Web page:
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Government troops recapture important city of Maaret | TIME ONLINE

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The Syrian government forces have recaptured the strategically important city of Maaret al-Numan in the northwest of the country. "Our armed forces have managed to eradicate terrorism in many villages and towns in the past few days," said an army spokesman. Eleven civilians were killed in airstrikes Wednesday, activists said.

According to the Syrian Human Rights Observatory, air strikes by government forces and the Russian army killed ten civilians in the village of Kfar Lata, north of Maaret al-Numan, and another civilian died near the city of Sarakeb.

According to the observatory, government forces are on the rise on Sarakeb, which, like Maaret al-Numan, is located at an important traffic junction of the M5 motorway, which connects the capital Damascus with the second largest Syrian city, Aleppo. During the course of the day, the government forces had taken over five other villages in southern Idlib, the observatory said. Government troops have regained control of more than 30 towns and villages in the region since Friday.

No more rebels in the city

Maaret al-Numan was one of the first cities in Idlib province in 2011 where residents rebelled against the government in Damascus. A year later, it fell into the hands of the opponents of the Syrian ruler Bashar al-Assad.

After taking Maaret al-Numan, soldiers searched the city for booby traps, the center said. Accordingly, there are no longer any rebels in the city – everyone is dead or has withdrawn. The Syrian army said it would continue the struggle to "clean up the entire Syrian area from terrorism".

Assad's forces, supported by the Russian Air Force, have been attacking the south of the Idlib province since December. The state-run Syrian news agency Sana announced on Wednesday that government troops in the area of ​​al-Rashidin in western Idlib are now superior to jihadist fighters.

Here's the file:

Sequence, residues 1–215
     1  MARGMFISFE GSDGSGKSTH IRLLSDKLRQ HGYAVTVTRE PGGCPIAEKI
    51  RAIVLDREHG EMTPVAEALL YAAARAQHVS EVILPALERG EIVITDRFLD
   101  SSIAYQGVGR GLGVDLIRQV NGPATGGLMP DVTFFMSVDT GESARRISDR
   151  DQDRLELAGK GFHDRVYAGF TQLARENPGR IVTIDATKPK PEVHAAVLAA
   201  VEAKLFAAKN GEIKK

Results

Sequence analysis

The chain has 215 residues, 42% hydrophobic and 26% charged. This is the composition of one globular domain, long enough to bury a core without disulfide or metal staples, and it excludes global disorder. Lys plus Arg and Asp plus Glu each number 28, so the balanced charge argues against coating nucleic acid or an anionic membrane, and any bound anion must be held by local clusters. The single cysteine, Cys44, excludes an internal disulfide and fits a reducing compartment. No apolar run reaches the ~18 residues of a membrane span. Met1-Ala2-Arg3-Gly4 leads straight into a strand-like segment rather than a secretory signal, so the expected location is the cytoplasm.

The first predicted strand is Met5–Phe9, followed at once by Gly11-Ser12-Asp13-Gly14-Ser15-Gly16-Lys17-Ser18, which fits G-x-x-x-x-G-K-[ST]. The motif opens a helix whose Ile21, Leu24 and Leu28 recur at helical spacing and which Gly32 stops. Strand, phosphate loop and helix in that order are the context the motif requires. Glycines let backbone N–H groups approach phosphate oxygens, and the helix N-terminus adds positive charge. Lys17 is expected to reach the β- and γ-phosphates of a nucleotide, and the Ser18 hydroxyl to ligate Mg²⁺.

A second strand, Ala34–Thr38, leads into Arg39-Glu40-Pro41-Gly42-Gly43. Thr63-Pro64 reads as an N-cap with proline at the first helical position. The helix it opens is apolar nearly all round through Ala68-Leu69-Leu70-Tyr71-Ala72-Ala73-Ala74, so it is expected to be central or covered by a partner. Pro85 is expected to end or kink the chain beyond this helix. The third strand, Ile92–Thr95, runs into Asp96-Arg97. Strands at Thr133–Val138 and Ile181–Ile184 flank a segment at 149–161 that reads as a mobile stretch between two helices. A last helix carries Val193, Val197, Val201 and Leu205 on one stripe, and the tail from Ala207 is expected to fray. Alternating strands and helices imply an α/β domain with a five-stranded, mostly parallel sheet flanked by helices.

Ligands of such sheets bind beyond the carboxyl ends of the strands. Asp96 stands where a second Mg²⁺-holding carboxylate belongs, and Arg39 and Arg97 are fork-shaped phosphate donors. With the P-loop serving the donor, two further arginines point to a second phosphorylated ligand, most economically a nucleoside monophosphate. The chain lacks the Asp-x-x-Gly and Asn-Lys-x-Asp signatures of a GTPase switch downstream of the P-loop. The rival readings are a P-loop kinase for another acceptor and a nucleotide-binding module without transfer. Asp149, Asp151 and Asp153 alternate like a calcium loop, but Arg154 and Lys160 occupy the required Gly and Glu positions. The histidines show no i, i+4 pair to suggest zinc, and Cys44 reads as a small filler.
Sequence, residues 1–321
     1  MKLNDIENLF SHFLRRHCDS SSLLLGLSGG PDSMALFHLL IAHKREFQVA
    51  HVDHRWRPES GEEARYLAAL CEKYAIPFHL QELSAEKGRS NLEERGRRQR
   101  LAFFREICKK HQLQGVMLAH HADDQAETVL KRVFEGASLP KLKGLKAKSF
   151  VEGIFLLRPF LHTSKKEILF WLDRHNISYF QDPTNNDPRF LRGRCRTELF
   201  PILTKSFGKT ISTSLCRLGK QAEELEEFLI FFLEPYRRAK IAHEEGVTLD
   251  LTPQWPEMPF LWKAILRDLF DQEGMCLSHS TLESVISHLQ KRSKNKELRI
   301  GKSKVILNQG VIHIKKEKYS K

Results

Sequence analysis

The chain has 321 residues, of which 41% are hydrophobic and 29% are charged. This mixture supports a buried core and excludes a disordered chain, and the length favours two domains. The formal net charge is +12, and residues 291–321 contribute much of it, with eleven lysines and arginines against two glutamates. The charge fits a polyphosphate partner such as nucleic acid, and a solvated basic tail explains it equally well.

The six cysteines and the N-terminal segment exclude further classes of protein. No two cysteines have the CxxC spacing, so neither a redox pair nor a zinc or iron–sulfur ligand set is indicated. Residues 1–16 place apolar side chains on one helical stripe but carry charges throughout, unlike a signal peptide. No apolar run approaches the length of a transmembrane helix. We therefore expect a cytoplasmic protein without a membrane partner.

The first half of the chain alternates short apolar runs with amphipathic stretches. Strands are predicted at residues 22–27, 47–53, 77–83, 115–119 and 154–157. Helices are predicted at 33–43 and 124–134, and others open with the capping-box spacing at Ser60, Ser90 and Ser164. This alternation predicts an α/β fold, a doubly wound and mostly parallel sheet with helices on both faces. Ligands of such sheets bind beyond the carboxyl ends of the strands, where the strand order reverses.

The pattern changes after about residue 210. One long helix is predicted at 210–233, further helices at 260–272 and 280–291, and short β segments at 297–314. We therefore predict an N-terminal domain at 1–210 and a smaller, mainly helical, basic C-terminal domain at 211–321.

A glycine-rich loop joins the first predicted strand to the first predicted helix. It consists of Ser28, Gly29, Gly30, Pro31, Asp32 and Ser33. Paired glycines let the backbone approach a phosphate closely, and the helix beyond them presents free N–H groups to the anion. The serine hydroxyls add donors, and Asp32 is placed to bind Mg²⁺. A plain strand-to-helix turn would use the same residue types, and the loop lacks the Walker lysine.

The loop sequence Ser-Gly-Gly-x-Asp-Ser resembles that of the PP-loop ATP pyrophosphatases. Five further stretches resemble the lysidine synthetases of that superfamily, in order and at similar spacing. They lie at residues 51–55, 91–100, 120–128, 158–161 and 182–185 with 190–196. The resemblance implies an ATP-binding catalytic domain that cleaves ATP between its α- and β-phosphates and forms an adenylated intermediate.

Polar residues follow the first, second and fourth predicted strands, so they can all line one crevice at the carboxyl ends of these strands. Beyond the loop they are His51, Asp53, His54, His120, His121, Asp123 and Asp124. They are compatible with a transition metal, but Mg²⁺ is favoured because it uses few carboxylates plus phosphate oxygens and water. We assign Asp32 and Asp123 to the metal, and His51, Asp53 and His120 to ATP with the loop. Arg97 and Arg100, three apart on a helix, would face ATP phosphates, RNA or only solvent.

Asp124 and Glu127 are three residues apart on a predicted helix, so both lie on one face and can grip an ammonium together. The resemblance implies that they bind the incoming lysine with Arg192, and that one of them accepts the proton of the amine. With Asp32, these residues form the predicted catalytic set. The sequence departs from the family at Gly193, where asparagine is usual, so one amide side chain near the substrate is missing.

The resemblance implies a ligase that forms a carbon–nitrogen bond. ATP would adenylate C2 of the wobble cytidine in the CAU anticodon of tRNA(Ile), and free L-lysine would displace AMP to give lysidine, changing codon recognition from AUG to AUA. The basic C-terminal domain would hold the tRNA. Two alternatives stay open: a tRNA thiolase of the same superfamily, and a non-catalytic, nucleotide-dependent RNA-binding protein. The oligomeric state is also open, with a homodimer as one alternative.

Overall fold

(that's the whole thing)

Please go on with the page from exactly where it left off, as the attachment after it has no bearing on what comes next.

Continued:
Erdogan criticizes Russia

Turkish President Recep Tayyip Erdogan accused the Russian government on Wednesday of failing to adhere to the bilateral ceasefire agreements in northwest Syria. If the Russian air strikes in Idlib do not stop, Turkey will do "whatever is necessary," the Turkish head of state emphasized in the newspaper Hürriyet,

Moscow is supporting government troops in the Syria conflict, and Ankara is supporting the rebels fighting against the Syrian government. However, the two countries had worked together to resolve the conflict in recent years.

The UN called on everyone involved to stop fighting. "The parties to the conflict and those who have an impact on them must stop fighting," said UN emergency aid coordinator Mark Lowcock on Wednesday at the UN Security Council in New York. "If current hostilities do not end, there will be an even greater humanitarian catastrophe," he warned.

Government troops now control around 70 percent of Syria. More than half of Idlib province and small parts of neighboring Aleppo and Latakia provinces are still under the control of the jihadist militia Hajat Tahrir al-Sham and other Islamist militias. Assad is determined to regain control of the region.

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